Senior staff at Leonard Design are always keen to hear if we have encountered any discrimination in our job while we’ve been out and about at meetings or on site and provide us with excellent support as to how we can resolve any situations that arise.

Do you find work/life/family balance difficult in this industry?

In this industry, yes. In Leonard Design, no.

I think this is always challenging in this industry, not just for women! There tends to be a culture of working late that begins at university and carries on into working life, which needs addressing as an industry.

Yes, when there are heavy deadlines and it is a team game, you can’t only think about yourself – you must think about the wider team and the project which is when leaving on time can be difficult.

Even as someone who doesn’t have children, yes. It’s often hard to plan my personal life around work commitments, so I can’t imagine having to also balance kids.

In the industry absolutely, though much milder at Leonard Design. Leonard Design does a great job at mitigating the imbalance.

Can be challenging sometimes with all deadlines, but as a company we should look at pushing back to clients sometimes when they are being ridiculous with timeline.

What empowers you in the design process or in the industry in general?

Support from my colleagues

I want to say my passion to design, learn and impress.

The thought that you are making a difference.

Making a difference to the built environment somehow. I want to believe that we’re creating a better place with every design decision.

Difficult question to answer. Empowerment to me is just freedom to design what you feel is good and valuable, so I’d say working on a project you feel passionate about and can make a difference in is empowering.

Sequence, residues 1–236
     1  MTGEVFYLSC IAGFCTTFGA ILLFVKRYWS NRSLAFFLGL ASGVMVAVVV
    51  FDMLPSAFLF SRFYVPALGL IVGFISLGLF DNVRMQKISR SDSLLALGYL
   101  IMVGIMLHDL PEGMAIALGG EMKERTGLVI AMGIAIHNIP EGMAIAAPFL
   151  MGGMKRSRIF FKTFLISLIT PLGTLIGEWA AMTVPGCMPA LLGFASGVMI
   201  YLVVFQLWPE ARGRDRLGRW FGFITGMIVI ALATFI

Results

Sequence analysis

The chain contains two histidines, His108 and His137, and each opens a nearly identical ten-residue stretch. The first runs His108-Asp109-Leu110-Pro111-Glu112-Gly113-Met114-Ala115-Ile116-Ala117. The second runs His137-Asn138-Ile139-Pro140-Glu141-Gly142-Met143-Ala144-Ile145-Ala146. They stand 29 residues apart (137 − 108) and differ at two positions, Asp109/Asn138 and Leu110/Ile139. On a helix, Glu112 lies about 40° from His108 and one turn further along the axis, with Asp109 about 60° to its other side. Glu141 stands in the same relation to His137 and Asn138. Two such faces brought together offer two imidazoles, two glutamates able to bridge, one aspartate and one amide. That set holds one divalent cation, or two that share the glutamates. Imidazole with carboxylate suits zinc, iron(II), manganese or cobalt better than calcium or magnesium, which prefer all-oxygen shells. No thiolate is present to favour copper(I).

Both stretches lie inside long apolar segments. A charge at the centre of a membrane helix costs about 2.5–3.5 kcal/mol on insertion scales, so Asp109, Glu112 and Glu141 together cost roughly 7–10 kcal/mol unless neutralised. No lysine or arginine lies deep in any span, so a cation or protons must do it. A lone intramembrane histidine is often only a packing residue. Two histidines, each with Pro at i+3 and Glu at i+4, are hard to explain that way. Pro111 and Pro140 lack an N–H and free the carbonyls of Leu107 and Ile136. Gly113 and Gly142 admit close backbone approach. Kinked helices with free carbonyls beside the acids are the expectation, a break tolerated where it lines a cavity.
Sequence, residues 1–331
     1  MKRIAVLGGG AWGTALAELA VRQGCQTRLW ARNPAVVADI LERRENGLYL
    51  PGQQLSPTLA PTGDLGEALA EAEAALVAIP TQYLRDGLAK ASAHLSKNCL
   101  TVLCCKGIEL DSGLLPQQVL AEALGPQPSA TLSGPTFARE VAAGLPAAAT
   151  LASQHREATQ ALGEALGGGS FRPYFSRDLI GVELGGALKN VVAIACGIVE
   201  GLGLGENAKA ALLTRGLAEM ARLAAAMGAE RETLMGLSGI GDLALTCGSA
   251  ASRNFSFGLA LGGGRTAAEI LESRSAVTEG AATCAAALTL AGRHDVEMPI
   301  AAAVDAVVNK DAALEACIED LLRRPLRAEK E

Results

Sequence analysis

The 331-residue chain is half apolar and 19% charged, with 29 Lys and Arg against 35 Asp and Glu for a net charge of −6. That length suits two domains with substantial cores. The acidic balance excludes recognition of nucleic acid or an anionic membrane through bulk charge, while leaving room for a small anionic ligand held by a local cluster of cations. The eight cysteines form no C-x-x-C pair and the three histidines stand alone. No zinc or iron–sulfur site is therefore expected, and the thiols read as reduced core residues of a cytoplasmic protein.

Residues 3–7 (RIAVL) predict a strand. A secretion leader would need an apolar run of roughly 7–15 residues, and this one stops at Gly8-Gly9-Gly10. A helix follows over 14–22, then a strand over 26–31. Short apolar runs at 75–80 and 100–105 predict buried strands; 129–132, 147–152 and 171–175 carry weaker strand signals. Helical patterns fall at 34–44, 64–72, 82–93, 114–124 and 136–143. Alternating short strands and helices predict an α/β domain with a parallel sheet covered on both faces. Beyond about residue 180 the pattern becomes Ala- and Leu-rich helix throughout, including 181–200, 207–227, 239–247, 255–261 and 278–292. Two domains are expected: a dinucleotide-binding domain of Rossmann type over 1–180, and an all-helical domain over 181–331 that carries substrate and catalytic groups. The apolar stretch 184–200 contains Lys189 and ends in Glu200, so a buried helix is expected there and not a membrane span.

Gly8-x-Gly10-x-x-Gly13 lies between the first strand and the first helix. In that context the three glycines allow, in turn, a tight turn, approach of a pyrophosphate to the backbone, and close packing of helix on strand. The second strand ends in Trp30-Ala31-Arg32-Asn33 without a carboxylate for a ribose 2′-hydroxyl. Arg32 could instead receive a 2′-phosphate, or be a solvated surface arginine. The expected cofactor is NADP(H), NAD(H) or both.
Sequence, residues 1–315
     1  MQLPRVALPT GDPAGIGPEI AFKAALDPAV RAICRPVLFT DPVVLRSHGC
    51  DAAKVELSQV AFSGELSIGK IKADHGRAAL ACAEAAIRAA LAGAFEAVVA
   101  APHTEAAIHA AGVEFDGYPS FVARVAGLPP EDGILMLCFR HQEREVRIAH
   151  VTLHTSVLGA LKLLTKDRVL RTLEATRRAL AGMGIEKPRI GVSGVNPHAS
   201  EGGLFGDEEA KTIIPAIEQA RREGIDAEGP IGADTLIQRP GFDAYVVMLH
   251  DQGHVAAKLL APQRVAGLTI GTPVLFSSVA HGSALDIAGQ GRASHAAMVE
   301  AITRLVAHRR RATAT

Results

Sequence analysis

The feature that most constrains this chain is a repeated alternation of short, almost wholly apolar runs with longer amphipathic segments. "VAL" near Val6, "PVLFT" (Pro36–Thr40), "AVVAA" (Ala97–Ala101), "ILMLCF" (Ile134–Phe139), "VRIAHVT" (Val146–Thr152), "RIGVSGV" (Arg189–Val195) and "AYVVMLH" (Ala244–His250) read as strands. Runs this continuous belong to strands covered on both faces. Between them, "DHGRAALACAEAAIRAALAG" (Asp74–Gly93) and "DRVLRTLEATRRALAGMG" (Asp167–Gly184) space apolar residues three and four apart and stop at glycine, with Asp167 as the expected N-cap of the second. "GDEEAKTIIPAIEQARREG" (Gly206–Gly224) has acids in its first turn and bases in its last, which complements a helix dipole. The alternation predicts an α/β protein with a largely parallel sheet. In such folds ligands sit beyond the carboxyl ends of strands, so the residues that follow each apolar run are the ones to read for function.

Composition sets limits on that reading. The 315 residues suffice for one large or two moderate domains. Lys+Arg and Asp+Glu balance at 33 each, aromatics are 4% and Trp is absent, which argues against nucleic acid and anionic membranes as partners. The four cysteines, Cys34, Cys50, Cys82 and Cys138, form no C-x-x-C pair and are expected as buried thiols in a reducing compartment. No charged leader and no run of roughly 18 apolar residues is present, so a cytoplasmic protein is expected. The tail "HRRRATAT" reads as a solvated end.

Working with intelligent, brave and friendly/approachable women, whether senior or junior colleagues, is most empowering.

How do you feel the industry could improve its attitude toward gender discrimination?

Get more women on site! The more women get out there, the more ‘normal’ it will seem to everyone.

There are many things we could do:

  • Insist every team has equal / proportional representation of women.
  • In working with collaborators or consultants that have majority male employees, e.g civil engineers, vocally acknowledge that the team is all male. Not saying anything normalises the reality and ensures its perpetuation.
  • Ensure every office promotion includes men and women into each role.
  • Encourage individuals to dismantle the assumptions and stereotypes they have acquired and thought are set in stone. Keep an open mind. Big-picture moves are important but one-on-one conversations are essential, too.
More men need to recognise that this gender discrimination does EXIST and they need to start doing their part in improving this attitude – no more hiding/ignoring or laughing out in nervousness.

To have a little bit more faith in women in the building industry and step out of that mind set of being in a men’s world.

More men need to recognise that this gender discrimination does EXIST and they need to start doing their part in improving this attitude – no more hiding/ignoring or laughing out in nervousness.

Women to have more of a role in construction sites so that it doesn’t stay a male dominated environment.

Girls need to be educated at a younger age about what career options are open to them. 100%. Without this, the gender balance is never going to equalise, and the top jobs are always going to be male dominated.